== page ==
Having trouble sleeping? You’re not alone, and according to Harvard Medical School, your lighting may be the culprit!
Studies show that exposure to blue light, the wavelength closest to ultraviolet on the light spectrum, can affect your sleep cycle
Remember: as recently as 200 years ago, people lived by the light of the sun and slept by the light of the moon. The body’s biological clock—or circadian rhythm—followed this pattern naturally. Evening illumination came by candle, torch, hearth and other fire-based lighting. Then, electric lighting began to fill homes, and suddenly people stayed up long past the setting sun.
Like Day and Night
These days, we’re exposed to high amounts of blue light technology including our phones, computers and tablets—even energy-efficient lighting. In fact, the latest energy-efficient lighting—compact fluorescent and LED lights—produce more blue light than old-fashioned incandescent lightbulbs.
A limited amount of blue light is considered helpful during the day because it helps improve attention and mood. Exposure to blue light at night, however, can interrupt your sleep pattern.
Healthy Eyes are Happy Eyes
When it comes to your health, the lighting you live and work with matters!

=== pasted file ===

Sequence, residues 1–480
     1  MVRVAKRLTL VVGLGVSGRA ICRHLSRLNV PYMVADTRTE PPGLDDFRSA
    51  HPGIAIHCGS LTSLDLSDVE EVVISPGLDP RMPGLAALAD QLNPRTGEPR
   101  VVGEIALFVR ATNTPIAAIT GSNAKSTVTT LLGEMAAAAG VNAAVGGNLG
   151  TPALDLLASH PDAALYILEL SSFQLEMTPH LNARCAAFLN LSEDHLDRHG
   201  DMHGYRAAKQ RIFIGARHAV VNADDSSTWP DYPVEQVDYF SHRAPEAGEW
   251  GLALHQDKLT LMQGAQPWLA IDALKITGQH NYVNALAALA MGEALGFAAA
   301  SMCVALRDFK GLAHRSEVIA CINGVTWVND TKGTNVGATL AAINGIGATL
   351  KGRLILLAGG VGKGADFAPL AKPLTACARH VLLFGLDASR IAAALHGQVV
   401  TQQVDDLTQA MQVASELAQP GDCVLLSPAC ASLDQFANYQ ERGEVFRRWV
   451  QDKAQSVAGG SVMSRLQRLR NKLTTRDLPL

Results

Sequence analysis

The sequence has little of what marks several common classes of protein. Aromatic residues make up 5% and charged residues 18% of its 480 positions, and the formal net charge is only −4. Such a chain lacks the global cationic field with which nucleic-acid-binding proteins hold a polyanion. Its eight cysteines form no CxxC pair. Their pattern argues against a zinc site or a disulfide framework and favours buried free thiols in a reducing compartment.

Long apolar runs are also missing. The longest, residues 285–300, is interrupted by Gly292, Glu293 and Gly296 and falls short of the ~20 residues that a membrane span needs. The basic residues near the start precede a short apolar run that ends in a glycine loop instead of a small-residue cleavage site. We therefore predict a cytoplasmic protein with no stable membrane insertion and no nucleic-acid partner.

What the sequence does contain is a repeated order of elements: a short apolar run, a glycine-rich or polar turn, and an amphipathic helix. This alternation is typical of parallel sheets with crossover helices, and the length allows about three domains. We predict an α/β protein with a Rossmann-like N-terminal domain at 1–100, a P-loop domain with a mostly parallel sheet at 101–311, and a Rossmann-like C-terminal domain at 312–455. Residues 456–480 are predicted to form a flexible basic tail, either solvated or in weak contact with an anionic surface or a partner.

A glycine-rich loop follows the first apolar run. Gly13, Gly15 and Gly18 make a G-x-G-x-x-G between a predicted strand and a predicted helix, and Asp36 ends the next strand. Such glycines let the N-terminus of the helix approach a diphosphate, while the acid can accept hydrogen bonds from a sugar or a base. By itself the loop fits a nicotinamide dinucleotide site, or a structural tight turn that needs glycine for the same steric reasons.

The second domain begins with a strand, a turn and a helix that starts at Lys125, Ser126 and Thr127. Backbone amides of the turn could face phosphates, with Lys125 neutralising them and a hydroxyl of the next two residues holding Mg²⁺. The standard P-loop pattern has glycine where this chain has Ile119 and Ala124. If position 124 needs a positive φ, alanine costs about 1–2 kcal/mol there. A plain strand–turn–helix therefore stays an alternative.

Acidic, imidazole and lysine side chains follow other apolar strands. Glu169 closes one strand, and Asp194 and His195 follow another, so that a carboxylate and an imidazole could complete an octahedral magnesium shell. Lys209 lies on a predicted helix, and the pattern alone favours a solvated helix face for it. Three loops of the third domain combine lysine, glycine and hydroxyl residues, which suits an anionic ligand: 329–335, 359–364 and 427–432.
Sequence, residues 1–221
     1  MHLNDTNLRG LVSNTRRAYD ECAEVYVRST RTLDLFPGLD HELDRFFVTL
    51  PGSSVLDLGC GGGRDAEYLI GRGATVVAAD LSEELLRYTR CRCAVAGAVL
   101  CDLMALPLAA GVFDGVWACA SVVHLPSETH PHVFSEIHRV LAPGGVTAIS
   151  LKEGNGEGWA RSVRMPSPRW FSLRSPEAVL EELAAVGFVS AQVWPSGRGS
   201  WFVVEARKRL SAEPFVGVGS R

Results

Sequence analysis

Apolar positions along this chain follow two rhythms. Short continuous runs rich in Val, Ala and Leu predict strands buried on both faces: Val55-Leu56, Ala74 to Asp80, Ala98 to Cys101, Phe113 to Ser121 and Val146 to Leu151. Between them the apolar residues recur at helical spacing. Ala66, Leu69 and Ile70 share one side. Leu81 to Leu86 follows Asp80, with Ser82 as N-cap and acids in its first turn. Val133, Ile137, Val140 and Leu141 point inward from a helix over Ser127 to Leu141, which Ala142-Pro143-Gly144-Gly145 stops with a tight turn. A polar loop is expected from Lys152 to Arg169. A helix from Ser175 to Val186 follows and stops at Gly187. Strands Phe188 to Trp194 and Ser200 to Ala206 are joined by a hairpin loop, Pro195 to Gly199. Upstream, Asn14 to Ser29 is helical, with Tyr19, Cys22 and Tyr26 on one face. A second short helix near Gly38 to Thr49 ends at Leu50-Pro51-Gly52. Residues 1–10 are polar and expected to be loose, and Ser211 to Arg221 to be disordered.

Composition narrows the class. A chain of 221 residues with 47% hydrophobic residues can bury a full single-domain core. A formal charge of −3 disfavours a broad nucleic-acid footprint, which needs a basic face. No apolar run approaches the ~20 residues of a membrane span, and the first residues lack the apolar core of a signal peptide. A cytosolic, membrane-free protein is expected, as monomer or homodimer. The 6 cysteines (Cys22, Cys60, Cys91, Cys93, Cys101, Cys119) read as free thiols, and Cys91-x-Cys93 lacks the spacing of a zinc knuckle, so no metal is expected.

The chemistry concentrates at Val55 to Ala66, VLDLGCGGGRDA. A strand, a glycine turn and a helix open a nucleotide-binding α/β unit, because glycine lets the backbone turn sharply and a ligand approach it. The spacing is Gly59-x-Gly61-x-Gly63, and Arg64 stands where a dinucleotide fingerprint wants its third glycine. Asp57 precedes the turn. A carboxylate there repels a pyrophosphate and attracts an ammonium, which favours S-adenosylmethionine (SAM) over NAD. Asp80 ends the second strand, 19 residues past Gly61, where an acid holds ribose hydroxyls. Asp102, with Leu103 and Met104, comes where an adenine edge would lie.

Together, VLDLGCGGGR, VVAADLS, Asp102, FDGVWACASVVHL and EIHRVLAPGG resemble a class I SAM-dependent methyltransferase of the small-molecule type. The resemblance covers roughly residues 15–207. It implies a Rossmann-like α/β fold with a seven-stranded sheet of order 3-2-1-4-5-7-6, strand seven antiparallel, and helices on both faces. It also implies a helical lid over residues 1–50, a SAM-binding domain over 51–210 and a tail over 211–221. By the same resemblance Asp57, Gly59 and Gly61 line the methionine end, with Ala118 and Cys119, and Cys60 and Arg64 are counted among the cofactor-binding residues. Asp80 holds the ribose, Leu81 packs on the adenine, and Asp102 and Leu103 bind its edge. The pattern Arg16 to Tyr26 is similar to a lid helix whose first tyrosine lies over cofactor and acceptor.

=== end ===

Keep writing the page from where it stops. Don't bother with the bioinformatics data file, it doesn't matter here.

- Harvard University researchers studied the effects of 6.5 hours of exposure to blue light vs. green light. They found blue light suppressed melatonin—the body’s natural hormone that helps us fall and stay asleep—and shifted circadian rhythms by twice as much as the green light.
- A University of Toronto study found people wearing blue-light blocking goggles while exposed to bright indoor lighting ended up with similar melatonin levels as those exposed to regular dim lighting without goggles—reinforcing the theory that blue light suppresses melatonin.
- Another Harvard study found a possible connection between shifting circadian rhythms and increased risk of diabetes and obesity. Other studies have shown that disrupting circadian rhythms can not only aggravate metabolic disorders but encourage cardiovascular disease and some forms of cancer.
Sleep Better. Feel Better.
To get a good night’s sleep, experts suggest avoiding bright screens 2–3 hours before bedtime. For workers who use a lot of electronic devices at night, blue blocking glasses or screen covers may help. Lastly, make sure both your day and evening task lighting blocks out as much blue light as possible. Check out these Dr. Lite blue light blocking lamps to keep your eyes happy and healthy!